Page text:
— Lights and Shadows of New York Life - or, the Sights and Sensations of the Great City • James D. McCabe

... no curb save those the forest gods imposed. For an instant the waters, taken aback by this strange audacity, hold themselves in leash. Then, like erl-king in the German legends, they broaden out to engulf their opponent. In vain they surge with crescent surface against the barrier of stone. By day, by night, they beat and breast in angry impotence against the ponderous wall of masonry that man has reared, for pleasure and profit, to stem the ...
— The Johnstown Horror • James Herbert Walker

... modish, or (according to his form) modern.[29] Thus, a weak, trivial argument (or instantia, the scholastic term for an argument not latent merely, or merely having the office of sustaining a truth, but urged as an objection, having the polemic office of contradicting an opponent) is in Shakespeare's idiom, when viewed as against a ...
— The Posthumous Works of Thomas De Quincey, Vol. 1 (2 vols) • Thomas De Quincey

... supreme effort. Swiftly retreating, he lured Macdonald to a more rapid advance, then with a yell he doubled himself into a ball and delivered himself head, hands, and feet into Macdonald's stomach. It is a trick that sometimes avails to break an unsteady guard and to secure a clinch with an unwary opponent. But Macdonald had been waiting for that trick. Stopping short, he leaned over to one side, and stooping slightly, caught LeNoir low and tossed him clear over his head. LeNoir fell with a terrible thud on his back, but was on his feet again like ...
— The Man From Glengarry - A Tale Of The Ottawa • Ralph Connor

... fattened by the Count—the cooking, etc., all to be done at Morande's own house, and under his own eye. The time was fixed for this singular repast, but when it came round, the French Editor "backed down" completely, to the great delight of his opponent and ...
— The Humbugs of the World • P. T. Barnum

... powers and depend upon his own courage in moments of emergency. Plutarch tells of a king of Macedon who, in the midst of an action, withdrew into the adjoining town under pretence of sacrificing to Hercules; whilst his opponent Emilius, at the same time that he implored the Divine aid, sought for victory sword in hand, and won the battle. And so it ever is in the actions ...
— How to Get on in the World - A Ladder to Practical Success • Major A.R. Calhoon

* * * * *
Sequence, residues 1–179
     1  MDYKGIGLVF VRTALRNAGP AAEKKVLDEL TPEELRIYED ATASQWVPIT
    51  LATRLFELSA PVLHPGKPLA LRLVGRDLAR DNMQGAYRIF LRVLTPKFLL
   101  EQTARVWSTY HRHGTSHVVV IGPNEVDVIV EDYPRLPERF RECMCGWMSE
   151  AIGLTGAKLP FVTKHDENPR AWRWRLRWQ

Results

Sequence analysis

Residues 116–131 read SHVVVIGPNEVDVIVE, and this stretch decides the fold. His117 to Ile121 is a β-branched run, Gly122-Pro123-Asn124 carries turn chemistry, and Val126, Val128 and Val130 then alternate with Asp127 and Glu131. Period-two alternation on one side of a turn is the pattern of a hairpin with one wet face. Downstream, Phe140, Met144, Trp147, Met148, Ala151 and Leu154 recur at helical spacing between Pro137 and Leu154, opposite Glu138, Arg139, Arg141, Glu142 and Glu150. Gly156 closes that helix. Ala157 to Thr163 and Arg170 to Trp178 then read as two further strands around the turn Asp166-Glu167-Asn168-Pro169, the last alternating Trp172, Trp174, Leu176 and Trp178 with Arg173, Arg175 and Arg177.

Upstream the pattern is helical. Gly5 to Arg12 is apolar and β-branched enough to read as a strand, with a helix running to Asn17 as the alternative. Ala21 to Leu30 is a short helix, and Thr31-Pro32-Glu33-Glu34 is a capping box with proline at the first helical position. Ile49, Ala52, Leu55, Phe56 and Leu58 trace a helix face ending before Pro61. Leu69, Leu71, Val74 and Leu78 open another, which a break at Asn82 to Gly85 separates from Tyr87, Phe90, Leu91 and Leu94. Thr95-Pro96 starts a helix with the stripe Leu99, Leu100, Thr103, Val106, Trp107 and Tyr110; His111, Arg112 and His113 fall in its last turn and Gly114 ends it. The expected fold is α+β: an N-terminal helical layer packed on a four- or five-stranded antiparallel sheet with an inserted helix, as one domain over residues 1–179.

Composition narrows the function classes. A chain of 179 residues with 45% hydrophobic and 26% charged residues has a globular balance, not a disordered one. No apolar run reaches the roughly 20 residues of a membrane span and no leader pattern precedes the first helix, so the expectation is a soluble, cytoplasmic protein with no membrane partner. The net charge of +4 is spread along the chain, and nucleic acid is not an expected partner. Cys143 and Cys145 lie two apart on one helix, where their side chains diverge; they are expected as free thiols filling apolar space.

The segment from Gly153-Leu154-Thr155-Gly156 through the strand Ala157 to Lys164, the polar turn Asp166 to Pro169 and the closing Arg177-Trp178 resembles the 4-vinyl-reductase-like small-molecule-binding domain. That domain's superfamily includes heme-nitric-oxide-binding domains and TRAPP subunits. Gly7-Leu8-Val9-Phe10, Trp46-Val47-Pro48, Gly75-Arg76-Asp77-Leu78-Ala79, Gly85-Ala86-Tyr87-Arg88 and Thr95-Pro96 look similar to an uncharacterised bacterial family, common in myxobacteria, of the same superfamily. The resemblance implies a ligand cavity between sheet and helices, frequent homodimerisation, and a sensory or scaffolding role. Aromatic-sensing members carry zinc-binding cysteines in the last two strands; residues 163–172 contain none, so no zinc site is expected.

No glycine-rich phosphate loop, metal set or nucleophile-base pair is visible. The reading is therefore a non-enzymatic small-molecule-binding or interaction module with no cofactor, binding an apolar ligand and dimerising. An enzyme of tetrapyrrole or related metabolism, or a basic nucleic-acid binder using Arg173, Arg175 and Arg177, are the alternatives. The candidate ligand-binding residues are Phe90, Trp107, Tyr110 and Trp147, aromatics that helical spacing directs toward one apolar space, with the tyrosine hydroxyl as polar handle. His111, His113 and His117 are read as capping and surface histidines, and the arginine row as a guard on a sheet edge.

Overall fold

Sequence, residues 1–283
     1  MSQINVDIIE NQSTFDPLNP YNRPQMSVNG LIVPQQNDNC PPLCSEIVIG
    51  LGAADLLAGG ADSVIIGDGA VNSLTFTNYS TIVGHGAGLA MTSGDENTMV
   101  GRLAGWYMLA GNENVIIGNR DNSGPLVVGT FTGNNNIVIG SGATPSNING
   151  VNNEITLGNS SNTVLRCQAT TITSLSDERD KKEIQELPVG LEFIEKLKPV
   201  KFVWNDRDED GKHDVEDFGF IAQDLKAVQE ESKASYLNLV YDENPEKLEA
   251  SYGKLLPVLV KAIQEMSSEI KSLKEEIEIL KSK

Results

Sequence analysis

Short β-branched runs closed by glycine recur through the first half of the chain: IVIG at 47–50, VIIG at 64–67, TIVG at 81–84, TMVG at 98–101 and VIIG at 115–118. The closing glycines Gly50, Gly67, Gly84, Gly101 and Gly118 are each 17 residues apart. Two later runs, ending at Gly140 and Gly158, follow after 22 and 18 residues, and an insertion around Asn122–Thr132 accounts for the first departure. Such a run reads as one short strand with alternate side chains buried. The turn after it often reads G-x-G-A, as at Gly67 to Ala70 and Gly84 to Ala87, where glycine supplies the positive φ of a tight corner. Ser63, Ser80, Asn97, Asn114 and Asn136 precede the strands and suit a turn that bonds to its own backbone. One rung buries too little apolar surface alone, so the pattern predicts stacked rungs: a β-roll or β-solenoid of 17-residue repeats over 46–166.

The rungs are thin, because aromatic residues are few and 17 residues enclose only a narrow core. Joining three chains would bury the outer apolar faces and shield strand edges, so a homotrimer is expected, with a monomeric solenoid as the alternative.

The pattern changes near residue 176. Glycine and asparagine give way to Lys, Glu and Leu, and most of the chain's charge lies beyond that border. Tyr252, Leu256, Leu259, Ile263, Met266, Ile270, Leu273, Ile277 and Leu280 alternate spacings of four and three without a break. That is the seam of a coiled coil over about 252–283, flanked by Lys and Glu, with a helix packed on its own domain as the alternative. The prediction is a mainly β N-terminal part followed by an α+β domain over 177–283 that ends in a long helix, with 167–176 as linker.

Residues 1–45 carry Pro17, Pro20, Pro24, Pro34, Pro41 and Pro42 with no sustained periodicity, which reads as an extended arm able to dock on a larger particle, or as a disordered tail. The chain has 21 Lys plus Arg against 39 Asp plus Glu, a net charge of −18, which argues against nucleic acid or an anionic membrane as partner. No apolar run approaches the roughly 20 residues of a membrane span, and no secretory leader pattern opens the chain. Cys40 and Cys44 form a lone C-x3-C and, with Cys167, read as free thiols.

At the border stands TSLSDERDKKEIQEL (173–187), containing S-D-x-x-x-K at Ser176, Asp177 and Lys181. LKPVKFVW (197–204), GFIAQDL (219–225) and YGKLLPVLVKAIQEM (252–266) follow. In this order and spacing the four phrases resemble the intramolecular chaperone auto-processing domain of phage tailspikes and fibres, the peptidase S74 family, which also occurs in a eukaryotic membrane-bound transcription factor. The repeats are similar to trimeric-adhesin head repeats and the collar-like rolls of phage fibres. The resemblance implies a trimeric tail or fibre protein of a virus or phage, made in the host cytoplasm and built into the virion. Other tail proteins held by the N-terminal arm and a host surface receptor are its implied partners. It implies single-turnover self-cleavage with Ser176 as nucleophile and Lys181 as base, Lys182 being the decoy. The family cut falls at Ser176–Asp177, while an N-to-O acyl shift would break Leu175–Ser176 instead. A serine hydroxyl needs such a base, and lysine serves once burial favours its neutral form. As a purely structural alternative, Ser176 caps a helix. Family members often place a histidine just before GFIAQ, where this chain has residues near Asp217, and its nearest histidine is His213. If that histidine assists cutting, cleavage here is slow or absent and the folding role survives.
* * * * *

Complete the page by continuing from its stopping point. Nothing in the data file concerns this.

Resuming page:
... in infirmity; making a resurrection man of yourself! You are death's strongest opponent; you fight the great slayer ...
— Our World, or, The Slaveholders Daughter • F. Colburn Adams

... chiselled out of stone. Roman eyes followed with delight the movement of tremendously exerted backs, thighs, and arms. But the struggle was not too prolonged; for Croton, a master, and the founder of a school of gladiators, did not pass in vain for the strongest man in the empire. His opponent began to breathe more and more quickly: next a rattle was heard in his throat; then his face grew blue; finally he threw blood ...
— Quo Vadis - A Narrative of the Time of Nero • Henryk Sienkiewicz

... hand, its representatives are not always as free as are private persons. The individual, if he is a generous soul, may freely forego some of his advantages and may seek only a fair fight with an opponent. It is doubtful whether the duty the State owes to its citizens permits of chivalry. Certainly strong states do not hesitate to attack weak ones; nor do many hesitate to combine against one, on the score of fair play. And a private man may temper ...
— A Handbook of Ethical Theory • George Stuart Fullerton

... "Ivanhoe." Of course the author, in drawing a comparison between that chivalric battle and the contest upon "Foote's Resolutions" in the great Senatorial debate of 1832, would be understood as not pushing the comparison further than the first shock of arms between Bois Guilbert and his youthful opponent, which Scott tells us was the most spirited encounter of the day. Both the knights' lances were fairly broken, and they parted, with no ...
— War Poetry of the South • Various

... your nigger last year, young feller?" he asked, with good-humor in his words. He was reading Tom's eyes as a prize fighter reads his opponent's, watching every change of feature, every strain of facial muscle. Before young Hargus had put tension on his sinews to draw his weapon, Lambert ...